One Longtime Exclusive Partner With NFL Considers Dumping Their License

Posted March 8th, 2013 at 2:15 pm


Last week an NFLPA representative shed some light on how the exclusive league license for video games is viewed. They consider their relationship with EA Sports strong and ultimately the job of the Player’s Association is to protect the members and bring in as much money for them as possible. Considering the established history with EA, and the amount of control the NFL likes to exert regarding image, it displayed the picture of how the licensing is viewed as a whole. The NFL (not just NFLPA) wants exclusivity because it brings in more money and they can more directly help to shape the way they are perceived through their partners. 

Recently we’ve seen the effects of what happens when a league plays hardball, literally, on the business side. MLB had lost representation on the dominant console until caving on licensing costs with 2K Sports late in 2012. By going exclusive in the past they eliminated the competition that would have provided them an alternative for 2013. Instead MLB 2K13 ended up with a shameless rip-off of 2K12 that both MLB and 2K deserve plenty of scorn for by pushing on consumers as a legitimate product.

Coincidentally news hit yesterday that DirecTV, which has carried NFL Sunday Ticket exclusively since 1994, is considering dropping it or sharing it with others due to the high costs and reduced returns over the years when the current deal expires following the 2014-15 season. The emergence of RedZone channel and NFL Network Thursday night games through cable providers has eaten away at the value of the package.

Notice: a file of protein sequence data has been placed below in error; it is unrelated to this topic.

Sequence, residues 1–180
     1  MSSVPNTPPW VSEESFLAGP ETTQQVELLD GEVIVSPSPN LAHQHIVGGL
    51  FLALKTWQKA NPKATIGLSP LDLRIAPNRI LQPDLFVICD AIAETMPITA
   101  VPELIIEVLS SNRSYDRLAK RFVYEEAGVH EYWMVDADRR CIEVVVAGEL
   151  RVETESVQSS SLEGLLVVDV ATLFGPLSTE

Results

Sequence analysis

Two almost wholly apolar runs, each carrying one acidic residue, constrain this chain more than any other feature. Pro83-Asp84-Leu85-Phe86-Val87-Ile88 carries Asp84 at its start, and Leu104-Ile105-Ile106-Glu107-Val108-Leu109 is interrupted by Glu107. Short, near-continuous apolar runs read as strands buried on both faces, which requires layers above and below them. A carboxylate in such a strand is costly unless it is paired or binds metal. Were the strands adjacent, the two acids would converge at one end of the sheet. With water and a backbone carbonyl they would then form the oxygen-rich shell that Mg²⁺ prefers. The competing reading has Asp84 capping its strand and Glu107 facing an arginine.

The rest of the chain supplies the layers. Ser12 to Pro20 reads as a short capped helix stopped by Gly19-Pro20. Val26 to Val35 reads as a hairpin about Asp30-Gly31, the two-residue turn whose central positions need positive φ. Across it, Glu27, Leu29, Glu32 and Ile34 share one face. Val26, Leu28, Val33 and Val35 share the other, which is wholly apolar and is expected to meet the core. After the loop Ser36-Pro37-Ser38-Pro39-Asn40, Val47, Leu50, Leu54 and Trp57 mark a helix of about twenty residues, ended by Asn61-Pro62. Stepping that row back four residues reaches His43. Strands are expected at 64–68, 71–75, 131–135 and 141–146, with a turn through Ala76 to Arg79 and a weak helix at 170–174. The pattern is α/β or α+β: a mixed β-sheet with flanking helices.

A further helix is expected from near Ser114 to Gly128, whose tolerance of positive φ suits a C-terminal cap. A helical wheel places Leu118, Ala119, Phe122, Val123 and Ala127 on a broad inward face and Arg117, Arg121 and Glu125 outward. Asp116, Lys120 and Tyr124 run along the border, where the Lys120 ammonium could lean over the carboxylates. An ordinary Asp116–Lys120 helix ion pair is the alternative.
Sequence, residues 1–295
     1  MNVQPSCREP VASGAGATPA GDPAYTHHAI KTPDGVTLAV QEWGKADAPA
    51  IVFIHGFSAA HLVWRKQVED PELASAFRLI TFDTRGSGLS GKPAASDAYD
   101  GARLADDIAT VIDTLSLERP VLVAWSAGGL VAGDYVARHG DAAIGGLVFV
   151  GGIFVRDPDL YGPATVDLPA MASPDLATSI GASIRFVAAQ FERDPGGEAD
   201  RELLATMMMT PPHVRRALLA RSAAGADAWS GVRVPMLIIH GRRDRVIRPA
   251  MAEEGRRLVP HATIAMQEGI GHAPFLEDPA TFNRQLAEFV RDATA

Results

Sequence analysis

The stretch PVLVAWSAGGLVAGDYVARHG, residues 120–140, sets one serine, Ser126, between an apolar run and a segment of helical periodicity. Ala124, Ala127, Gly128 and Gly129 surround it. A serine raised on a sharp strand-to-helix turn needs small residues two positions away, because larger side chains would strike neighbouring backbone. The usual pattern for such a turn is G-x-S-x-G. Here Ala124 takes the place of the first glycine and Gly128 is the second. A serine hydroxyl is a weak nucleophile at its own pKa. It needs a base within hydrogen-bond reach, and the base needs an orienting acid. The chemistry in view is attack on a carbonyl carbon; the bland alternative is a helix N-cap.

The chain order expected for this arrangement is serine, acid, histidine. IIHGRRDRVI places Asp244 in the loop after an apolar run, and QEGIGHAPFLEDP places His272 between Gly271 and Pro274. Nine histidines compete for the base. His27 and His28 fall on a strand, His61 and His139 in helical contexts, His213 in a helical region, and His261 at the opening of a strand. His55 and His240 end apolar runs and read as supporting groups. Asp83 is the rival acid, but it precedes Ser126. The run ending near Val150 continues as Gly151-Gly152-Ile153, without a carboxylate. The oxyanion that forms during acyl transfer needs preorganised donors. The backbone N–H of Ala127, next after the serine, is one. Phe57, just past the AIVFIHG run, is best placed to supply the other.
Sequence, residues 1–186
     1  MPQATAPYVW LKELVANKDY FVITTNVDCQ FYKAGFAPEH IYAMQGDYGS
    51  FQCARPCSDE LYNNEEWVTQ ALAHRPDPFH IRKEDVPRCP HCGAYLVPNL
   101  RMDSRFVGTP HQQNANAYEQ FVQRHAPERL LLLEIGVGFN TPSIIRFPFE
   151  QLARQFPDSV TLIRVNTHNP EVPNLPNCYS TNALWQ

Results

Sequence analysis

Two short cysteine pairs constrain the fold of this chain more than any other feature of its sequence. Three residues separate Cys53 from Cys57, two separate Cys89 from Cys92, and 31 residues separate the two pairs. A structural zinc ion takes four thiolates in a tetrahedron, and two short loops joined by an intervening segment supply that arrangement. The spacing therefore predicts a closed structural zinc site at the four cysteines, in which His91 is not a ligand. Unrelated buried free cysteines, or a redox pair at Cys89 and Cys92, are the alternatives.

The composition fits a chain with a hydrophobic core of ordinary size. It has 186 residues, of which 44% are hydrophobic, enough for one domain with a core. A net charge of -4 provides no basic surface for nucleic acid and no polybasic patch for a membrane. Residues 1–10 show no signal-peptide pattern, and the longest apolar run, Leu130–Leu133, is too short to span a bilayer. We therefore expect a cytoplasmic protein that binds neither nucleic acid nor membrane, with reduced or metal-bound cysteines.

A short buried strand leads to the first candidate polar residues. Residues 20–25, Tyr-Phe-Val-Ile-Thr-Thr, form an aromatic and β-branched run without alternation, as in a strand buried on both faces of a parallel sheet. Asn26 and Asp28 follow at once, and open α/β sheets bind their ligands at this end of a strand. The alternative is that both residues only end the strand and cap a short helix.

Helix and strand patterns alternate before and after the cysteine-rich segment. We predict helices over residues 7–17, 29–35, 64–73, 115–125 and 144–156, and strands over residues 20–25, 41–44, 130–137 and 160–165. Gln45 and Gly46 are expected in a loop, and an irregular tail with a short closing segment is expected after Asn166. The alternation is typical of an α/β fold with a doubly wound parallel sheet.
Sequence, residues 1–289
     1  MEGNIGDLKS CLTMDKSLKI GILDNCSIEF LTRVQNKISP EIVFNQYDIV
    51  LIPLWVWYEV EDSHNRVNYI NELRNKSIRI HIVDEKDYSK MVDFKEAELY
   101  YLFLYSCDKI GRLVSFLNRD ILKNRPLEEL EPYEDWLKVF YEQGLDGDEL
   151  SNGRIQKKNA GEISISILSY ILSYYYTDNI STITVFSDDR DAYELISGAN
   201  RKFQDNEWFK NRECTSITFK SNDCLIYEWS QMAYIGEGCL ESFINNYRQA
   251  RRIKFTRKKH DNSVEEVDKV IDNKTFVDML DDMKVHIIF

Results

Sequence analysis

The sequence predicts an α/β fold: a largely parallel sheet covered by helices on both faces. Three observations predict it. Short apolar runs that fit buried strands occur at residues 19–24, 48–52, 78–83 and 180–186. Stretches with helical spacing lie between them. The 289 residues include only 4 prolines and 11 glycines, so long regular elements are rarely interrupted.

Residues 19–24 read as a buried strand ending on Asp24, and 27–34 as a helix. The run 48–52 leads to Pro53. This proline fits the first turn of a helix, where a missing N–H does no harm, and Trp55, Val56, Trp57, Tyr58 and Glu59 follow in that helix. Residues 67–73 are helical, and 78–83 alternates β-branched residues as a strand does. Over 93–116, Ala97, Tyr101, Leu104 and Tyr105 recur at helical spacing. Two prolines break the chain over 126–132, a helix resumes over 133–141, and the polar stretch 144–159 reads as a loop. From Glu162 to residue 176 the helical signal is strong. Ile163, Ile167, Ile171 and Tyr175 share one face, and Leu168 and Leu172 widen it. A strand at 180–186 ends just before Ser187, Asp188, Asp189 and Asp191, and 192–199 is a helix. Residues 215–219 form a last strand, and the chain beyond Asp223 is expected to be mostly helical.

This is an interesting development because it syncs up with what EA is likely thinking right now as well. The terms of the original video game license signed in 2004, extended in 2008, and then again in 2011 (with concessions from the NFL) no longer makes fiscal sense given the current marketplace. That’s why it took the NFL giving up a $30 million credit due to the impending possibility of a lockout at the time to get EA to agree to the year extension. EA wouldn’t have otherwise. Now they’re completely in the driver’s seat as far as negotiations go unlike in 2004 when they had to bid (even though they weren’t the highest bidder) and ended up paying over $60 million a year for the rights.

The difference here of course is that the NFL would have alternatives to turn to for exclusivity when it comes to Sunday Ticket. Whether that be the cable companies or DISH Network they have options. With video games all options have disintegrated and that places EA in a better bargaining position. Just as MLB eventually came to the realization they had no choice if they wanted a game out, the NFL surely knows that no other company could jump right in and represent their brand within a year or even two when starting from scratch and having to develop for multiple platforms. They aren’t going to let this generation of consoles, and the next generation which is right around the corner now, go without NFL football for any length of time.